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horn, in zoology
horn, in zoology, one of a pair of structures projecting from the head of a hoofed animal, used chiefly as a weapon. In cattle, sheep, Old World antelopes, and related animals the horns are permanent and unbranched and are usually present in both sexes. They are composed of a sheath of keratin—a tough fibrous material derived from epithelial tissue—overlying a bony core projecting from the skull. In the deer family the branched structures, called antlers, are composed entirely of bone with no actual horn substance; they are usually present only in the male and are shed annually. The horns of the pronghorn have characteristics of both true horns and antlers. Rhinoceros horns are not true horn but greatly modified hair, derived entirely from the epidermis. Horns have long been used for many purposes, e.g., drinking cups, spoons, trumpets, containers for gunpowder, and combs. Carved pieces of horn have been found dating from prehistoric times. In art and religion horns symbolize power. The “horns of the altar” (Amos 3.14) symbolized divine protection. Hornlike protuberances appear on other animals, e.g., on the horned toad and the horned pout.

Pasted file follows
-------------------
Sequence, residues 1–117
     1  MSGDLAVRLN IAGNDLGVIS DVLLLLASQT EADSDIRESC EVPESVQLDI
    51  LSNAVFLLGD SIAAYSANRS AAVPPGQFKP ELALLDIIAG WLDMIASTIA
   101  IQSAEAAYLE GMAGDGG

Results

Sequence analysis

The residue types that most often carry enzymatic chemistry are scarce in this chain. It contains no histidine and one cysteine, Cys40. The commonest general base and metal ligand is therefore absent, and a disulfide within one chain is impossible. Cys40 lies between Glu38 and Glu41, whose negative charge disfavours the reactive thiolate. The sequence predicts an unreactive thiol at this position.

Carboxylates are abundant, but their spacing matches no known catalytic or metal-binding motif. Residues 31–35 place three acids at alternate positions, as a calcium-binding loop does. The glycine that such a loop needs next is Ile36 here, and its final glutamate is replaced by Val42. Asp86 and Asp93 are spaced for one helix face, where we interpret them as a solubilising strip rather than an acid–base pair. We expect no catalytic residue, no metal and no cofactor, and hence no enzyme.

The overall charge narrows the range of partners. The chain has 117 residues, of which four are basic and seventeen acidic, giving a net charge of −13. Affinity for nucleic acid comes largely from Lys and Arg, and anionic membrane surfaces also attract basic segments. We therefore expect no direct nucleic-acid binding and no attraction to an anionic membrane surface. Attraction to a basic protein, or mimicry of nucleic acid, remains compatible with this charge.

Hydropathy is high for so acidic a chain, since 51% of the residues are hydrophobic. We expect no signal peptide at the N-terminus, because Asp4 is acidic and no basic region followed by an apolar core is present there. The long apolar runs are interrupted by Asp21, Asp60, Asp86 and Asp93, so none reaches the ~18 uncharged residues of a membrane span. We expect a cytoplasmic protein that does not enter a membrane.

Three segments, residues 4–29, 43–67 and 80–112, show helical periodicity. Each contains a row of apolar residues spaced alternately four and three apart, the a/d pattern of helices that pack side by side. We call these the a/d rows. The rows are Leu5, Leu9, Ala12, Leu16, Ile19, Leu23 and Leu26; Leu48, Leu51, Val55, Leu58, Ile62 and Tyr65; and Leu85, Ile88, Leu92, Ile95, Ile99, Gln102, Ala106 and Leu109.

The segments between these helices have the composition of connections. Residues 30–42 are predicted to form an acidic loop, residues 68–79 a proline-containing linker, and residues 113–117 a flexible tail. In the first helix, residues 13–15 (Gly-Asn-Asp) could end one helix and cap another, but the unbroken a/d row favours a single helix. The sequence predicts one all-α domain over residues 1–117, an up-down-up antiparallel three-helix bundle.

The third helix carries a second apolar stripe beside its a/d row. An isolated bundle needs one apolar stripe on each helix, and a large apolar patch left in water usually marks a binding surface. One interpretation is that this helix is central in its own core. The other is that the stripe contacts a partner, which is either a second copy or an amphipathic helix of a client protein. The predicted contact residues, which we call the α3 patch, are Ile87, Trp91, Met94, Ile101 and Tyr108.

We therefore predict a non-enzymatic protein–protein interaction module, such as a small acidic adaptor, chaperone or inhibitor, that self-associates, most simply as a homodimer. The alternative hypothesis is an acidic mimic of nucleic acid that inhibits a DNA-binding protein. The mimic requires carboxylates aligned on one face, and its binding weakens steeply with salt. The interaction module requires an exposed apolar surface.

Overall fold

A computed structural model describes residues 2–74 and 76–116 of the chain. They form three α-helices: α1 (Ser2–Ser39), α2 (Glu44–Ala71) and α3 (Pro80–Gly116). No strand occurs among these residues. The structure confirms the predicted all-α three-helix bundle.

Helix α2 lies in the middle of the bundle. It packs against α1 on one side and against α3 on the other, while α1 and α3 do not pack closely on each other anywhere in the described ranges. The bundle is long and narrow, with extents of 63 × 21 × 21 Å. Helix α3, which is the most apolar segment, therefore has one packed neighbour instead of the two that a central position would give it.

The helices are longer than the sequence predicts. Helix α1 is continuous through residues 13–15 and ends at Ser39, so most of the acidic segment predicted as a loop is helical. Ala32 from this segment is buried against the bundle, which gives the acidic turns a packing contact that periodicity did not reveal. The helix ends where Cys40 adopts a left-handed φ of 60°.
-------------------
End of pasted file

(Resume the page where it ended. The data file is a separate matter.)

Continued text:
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One of a pair of solid bony, usually branched outgrowths on the head of members of the deer family (Cervidae); shed annually.
McGraw-Hill Dictionary of Scientific & Technical Terms, 6E, Copyright © 2003 by The McGraw-Hill Companies, Inc.
one of a pair of bony outgrowths on the heads of male deer and some related species of either sex. The antlers are shed each year and those of some species grow more branches as the animal ages
Collins Discovery Encyclopedia, 1st edition © HarperCollins Publishers 2005